Posts Tagged ‘financing a car’

Leasing a Car vs. Financing

Saturday, May 1st, 2010

Most people aren’t even aware of the fact that there are certain advantages to leasing a car compared to financing it. Many people think that it’s really a bad idea to lease as they have heard it from their friends or from those that they know. If you don’t know the advantages of leasing, then we suggest that you take a look at the advantages that it can offer you.

If you think that you drive less than 15,000 miles in a year and even have a safe place to park the car, then leasing would work just fine for you. Leasing is the way to go if you are looking to use the car for a short period of time. The typical lease installment runs for 36 months. Now the lease amount is calculated on the price of the car minus the residual value of the car. The residual value of the car is the price that the car dealer is going to get when they sell it at the end of the lease period.

For this reason, the lease value on the car works out to be a cheaper option than financing the car. You can lease a new car and pay far less than you would pay if you were financing the car. Moreover, you can even return the leased car before the bumper-to-bumper warranty on the car expires and it gives you mechanical trouble. At the end of the lease term, you don’t even have to worry about selling the car since you can just walk away worry-free. However you need to give the car back in the same conditions that it was received in from the car dealership. Leasing works better for a shorter period of time rather than a longer period of time.

Leasing means that you don’t need to pay any upfront charges unlike the finance option. The lease amount is that portion of money that is paid for when using the car for a specified period of time. Remember that leasing is not the same as renting. You don’t necessarily have to make a down payment but you would need to make monthly payments for the period that you are using the car. Moreover, you also have the option of buying the car at the end of the lease term period at the depreciated value.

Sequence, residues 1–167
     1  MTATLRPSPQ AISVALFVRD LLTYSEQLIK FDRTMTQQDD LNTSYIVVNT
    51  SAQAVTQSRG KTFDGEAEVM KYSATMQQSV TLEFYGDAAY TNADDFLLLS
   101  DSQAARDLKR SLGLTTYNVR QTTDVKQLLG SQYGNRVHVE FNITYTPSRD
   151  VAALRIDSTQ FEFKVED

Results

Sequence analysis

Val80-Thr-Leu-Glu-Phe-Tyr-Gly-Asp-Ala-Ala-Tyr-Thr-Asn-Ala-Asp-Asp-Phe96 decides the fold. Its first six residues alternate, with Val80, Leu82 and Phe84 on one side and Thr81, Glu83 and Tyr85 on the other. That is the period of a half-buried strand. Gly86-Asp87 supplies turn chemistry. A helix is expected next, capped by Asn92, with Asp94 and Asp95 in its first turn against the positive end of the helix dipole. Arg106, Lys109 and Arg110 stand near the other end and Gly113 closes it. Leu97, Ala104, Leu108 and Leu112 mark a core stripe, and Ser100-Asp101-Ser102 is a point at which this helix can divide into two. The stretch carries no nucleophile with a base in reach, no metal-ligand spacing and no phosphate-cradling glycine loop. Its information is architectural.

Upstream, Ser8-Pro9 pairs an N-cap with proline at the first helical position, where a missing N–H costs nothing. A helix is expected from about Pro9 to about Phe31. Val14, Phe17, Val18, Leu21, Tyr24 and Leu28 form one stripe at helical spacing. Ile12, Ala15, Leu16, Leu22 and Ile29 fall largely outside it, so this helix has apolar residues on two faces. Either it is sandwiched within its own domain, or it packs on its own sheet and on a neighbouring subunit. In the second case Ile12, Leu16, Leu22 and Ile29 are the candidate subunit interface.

To give a simple example, if the car costs $30,000 and is estimated to have a resale value of $18,000 at the end of 3 years, then the lease amount would be paid on the difference i.e. $12,000. As a lessee you would be making lease payments for $12,000 calculated on a monthly basis. Note: there are other fees including the finance fee and sales tax included in your monthly payment, but the depreciation is most of what you pay for over the term of the lease.

If you were to finance the car, you would be making a down payment for the entire $30,000 and then make monthly payments for the rest of the money for the entire period of the loan. If you were to rent the car, you would simply pay a rental value on the car. This is how all the three concepts would work. For this reason the leasing option is cheaper than financing the entire car.

It works well for those who are looking at changing their cars every 2-3 years. However, the need can vary from person to person. Lease payments have two parts. The first part is the depreciation charge or the depreciation value during the term of the lease and the second part is the finance charge, where the lessee will pay interest on the lease amount.

If you miss any of the lease installments, it will show up on your credit report, so it’s very important to make all the payments on time as well. Leasing doesn’t allow you to build equity on your car.

When a person is financing, they will need to make a down payment and also pay interest on the principal amount also. You will build up equity in the car and this works well for your credit report also.

When you finance a car, it can become expensive to pay the instalments at the end of 5 years especially when the car has depreciated quite a bit. Yes, it can become difficult for a person to pay $700 instalments even after 5 years. It’s like putting money in a loss account. However, you save money when you lease a car as, the charges are much lower and you don’t need to pay interest for the full purchase value.